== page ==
There’s a lot of excitement around the topic of ‘lead generation’. It seems to be intriguing for most organizations. Lead generation might sound like an automatic revenue increase. But that usually isn’t the case. It’s too common for an organization to invest money in lead generation, and see $0 in revenue come from it. Most of the organizations I talk with need help with lead conversion, not lead generation. In our hyper-connected world, there’s usually no shortage of contacts to reach out to. Once conversations are being tracked with a CRM or email marketing tool, the contacts add up fast. The problem becomes “How do I turn this list of email addresses into more sales opportunities?” or for eCommerce, “How do I increase the revenue coming through the email lists?”.
There’s a big opportunity to support these goals by thoughtfully re-engaging inactive contacts. On an average email list, 70% of subscribers aren’t engaged. And successful re-engagement campaigns can bring back 10%+ of the subscribers. There are some different scenarios we can work with. We can build a campaign for email subscribers who haven’t opened an email in 3 – 6 months. We can focus on contacts who spoke with a salesperson, went cold, and dropped off into the abyss. Or, we can carefully re-engage a list that hasn’t receive any email in a year because the sender got busy.
Let’s look at how to approach re-engagement campaigns in general.
Some best practices for re-engaging contacts via email
If the audience is large enough, segment them based on where and why they dropped off. A list of meeting requests that went cold might be one segment. A list of newsletter subscribers who stopped opening emails is a different segment. They’ll need different approaches. Segmentation will allow for making communication feel personal.
If the list is smaller, still put some effort into making the first touch-point feel personal. This is a best-practice for email marketing in general. It’s even more critical for re-engagement campaigns. Write in a friendly conversational tone. Include their first name if you have it, and send from a person (not a company name). Get creative about making the first touchpoint as personalized and fun as possible.
Once you have the segments defined, the first email to think about is one that reminds them who you are. If they haven’t engaged in a while, they might not remember. Include an acknowledgement that there hasn’t been any communication for a while. Re-introduce the product or service. For example, “Last year, we were in touch about CRM software…” Keep this part brief.
The rest of the campaign exists to provide value. Some successful re-engagement value-adds:
- Helpful third party links
- Requests for feedback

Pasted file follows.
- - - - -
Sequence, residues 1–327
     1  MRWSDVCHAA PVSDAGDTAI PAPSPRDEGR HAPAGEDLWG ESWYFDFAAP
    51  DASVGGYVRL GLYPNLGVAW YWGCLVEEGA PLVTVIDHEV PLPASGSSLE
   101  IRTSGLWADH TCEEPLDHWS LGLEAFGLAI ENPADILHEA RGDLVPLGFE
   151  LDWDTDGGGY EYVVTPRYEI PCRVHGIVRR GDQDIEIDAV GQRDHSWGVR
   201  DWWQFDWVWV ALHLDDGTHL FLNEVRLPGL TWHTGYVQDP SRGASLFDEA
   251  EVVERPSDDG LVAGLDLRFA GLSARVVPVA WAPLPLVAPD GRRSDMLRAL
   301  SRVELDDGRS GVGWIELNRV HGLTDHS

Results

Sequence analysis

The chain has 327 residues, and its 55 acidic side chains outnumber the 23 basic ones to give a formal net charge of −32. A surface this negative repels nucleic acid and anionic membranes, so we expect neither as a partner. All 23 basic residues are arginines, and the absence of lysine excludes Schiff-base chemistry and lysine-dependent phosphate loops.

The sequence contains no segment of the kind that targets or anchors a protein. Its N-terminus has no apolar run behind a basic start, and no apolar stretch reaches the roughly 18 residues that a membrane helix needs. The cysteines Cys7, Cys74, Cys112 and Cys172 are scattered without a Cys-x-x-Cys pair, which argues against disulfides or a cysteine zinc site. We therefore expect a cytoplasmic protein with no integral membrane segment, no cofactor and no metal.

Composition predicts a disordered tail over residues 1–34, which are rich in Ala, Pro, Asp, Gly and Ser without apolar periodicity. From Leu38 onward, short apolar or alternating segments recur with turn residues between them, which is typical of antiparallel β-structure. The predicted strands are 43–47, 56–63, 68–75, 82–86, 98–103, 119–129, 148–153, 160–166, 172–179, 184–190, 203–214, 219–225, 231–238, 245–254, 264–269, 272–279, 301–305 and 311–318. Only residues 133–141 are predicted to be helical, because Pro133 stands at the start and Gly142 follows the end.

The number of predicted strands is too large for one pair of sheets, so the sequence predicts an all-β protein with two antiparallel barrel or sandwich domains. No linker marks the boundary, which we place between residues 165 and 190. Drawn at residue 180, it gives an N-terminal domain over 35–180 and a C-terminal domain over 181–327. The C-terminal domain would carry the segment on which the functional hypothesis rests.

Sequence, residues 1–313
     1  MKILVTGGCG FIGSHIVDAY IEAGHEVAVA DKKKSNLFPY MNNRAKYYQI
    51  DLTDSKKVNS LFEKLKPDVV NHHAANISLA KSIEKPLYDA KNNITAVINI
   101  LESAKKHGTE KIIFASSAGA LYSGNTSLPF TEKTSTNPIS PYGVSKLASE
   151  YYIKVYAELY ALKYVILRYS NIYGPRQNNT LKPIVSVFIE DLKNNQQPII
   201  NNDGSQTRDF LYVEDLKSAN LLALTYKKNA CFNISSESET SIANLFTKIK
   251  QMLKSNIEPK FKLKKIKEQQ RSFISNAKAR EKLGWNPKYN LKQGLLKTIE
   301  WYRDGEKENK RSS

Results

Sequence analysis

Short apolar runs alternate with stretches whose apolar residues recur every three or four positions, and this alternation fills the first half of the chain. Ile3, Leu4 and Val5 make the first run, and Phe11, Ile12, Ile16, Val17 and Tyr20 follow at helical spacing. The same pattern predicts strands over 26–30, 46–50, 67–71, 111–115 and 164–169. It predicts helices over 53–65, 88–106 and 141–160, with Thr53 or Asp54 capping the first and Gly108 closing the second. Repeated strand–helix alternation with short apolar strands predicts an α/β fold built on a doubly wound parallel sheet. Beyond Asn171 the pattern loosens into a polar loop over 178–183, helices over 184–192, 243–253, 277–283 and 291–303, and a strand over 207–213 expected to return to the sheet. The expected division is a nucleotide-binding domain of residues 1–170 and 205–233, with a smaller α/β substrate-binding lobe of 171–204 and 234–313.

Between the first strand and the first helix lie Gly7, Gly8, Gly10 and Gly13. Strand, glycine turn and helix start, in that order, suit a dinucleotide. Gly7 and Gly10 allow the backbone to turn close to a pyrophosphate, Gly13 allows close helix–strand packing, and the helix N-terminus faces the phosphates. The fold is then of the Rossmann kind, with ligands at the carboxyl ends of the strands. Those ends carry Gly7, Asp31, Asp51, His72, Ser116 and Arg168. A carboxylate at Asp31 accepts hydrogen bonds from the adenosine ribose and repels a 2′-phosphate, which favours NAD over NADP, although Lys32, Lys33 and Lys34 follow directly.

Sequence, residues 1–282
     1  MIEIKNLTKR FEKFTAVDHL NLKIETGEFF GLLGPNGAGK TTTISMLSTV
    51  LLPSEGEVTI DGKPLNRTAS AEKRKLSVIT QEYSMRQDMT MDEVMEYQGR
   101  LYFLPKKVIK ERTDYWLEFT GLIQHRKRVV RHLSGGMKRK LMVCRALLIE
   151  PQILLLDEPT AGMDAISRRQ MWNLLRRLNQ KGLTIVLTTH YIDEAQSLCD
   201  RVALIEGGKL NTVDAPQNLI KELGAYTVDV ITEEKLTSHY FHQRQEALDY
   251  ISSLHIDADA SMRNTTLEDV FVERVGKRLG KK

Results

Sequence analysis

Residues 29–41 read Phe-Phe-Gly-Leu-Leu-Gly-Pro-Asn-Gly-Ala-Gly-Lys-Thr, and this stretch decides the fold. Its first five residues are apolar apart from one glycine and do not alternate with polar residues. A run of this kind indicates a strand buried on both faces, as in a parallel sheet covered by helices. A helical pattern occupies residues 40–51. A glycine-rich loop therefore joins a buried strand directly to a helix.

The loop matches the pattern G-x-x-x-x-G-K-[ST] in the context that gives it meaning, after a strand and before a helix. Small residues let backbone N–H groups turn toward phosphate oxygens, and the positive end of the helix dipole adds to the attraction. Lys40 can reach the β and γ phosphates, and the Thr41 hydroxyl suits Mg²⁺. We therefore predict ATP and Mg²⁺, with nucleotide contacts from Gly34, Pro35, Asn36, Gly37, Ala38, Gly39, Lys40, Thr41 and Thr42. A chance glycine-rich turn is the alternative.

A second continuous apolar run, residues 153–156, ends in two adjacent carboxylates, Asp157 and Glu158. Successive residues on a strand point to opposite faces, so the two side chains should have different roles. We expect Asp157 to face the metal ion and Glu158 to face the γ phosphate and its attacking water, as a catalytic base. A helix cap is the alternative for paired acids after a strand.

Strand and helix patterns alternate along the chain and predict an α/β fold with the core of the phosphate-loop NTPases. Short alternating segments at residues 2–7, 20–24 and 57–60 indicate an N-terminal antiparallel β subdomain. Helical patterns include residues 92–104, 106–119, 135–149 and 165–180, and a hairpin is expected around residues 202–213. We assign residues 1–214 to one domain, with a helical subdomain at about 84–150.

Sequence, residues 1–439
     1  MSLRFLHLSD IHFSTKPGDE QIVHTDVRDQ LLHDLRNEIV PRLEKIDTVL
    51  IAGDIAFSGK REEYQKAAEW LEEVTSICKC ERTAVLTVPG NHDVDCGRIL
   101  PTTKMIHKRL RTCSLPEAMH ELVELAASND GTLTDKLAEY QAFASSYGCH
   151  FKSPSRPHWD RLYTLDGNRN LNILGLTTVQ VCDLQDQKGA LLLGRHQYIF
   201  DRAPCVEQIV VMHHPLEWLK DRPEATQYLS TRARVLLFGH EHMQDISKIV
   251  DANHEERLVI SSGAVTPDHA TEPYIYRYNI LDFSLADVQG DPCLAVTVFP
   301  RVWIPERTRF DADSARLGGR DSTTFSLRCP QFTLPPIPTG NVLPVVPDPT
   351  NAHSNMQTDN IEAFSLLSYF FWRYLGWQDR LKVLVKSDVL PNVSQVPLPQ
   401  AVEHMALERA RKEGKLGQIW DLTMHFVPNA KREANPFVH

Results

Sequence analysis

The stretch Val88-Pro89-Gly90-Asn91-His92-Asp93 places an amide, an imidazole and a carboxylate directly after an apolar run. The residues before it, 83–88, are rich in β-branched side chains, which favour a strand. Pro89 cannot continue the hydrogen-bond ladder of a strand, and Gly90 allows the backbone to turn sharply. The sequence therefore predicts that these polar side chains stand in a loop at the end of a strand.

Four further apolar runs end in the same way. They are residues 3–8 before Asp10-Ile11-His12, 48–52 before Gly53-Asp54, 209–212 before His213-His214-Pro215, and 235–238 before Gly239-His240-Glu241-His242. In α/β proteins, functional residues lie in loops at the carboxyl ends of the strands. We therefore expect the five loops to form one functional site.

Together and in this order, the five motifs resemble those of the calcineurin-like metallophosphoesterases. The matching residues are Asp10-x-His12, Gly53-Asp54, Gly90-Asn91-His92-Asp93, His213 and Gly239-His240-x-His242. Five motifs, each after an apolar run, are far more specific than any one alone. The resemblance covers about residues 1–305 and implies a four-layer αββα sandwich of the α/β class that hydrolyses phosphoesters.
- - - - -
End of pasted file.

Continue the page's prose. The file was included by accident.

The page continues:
- Prompts for updating subscription preferences
- Coupons, discounts, giveaways & contests
The intention is to re-establish the relationship. Then, we send interested contacts to the appropriate marketing or sales lists.
How to Minimize Inactive Subscribers to Begin With
The best re-engagement strategy is to minimize inactive subscribers to begin with. One way to do this is by establishing the value of subscribing early on.
One piece of establishing the value early on is the opt-in process. Update the opt-ins to clearly describe what the subscriber is opting in for. A simple change might be “Subscribe to our email list”, to “Subscribe for a weekly digest of our blog posts”. Communicate two things: “Here’s what’s in it for you – the benefits of joining this list.” and “Here are the types of emails you’ll receive, and how often.”
Another way to establish value early on is with welcome emails, and welcome workflows. Consider how that first welcome email can make a strong first impression. A delightful welcome email goes a long way. It helps to establish trust, and interest in engaging more. What’s the most helpful way to introduce a new subscriber to the product or service? What’s important for subscribers to know first, and then what gets layered in to build on that?
Make segmentation a priority so that the email content is more relevant. And then allow (actually, encourage) subscribers to manage their preferences. Make it known that they can select which lists they’d like to be on. This will give the marketing team helpful feedback, and keep the list more engaged.
Automate Re-Engagement Moving Forward
The first steps is to create the re-engagement campaign. Next, optimize the general campaigns to minimize unengaged subscribers. Once all that’s done, there’s an opportunity to become proactive. The re-engagement workflow can become a safety net to support ongoing marketing campaigns. For example, set a trigger for ‘contacts who haven’t opened an email is 3 months’ to enter the re-engagement workflow. This way all contacts are being nurtured with care – not just the highest engaging contacts. And it will keep email lists clean for higher engagement all-around.
Prioritize Re-Engagement Before (or at Least In Tandem with) New Lead Generation
50% of an average email lists churns yearly. This includes unsubscribes, bounces, and those who stop opening and engaging with emails. Subscribers who dropped off can be re-engaged at a lower cost than bringing in brand new contacts.
Oftentimes, a sender gets busy with other things and doesn’t send an email for 6 months to a year. When email becomes a priority again, a thoughtful re-engagement strategy is key. Think of re-engagement campaigns like a safety net to support the marketing program. It provides confidence that no one is being forgotten. All interested contacts are being met where they’re at, and nurtured.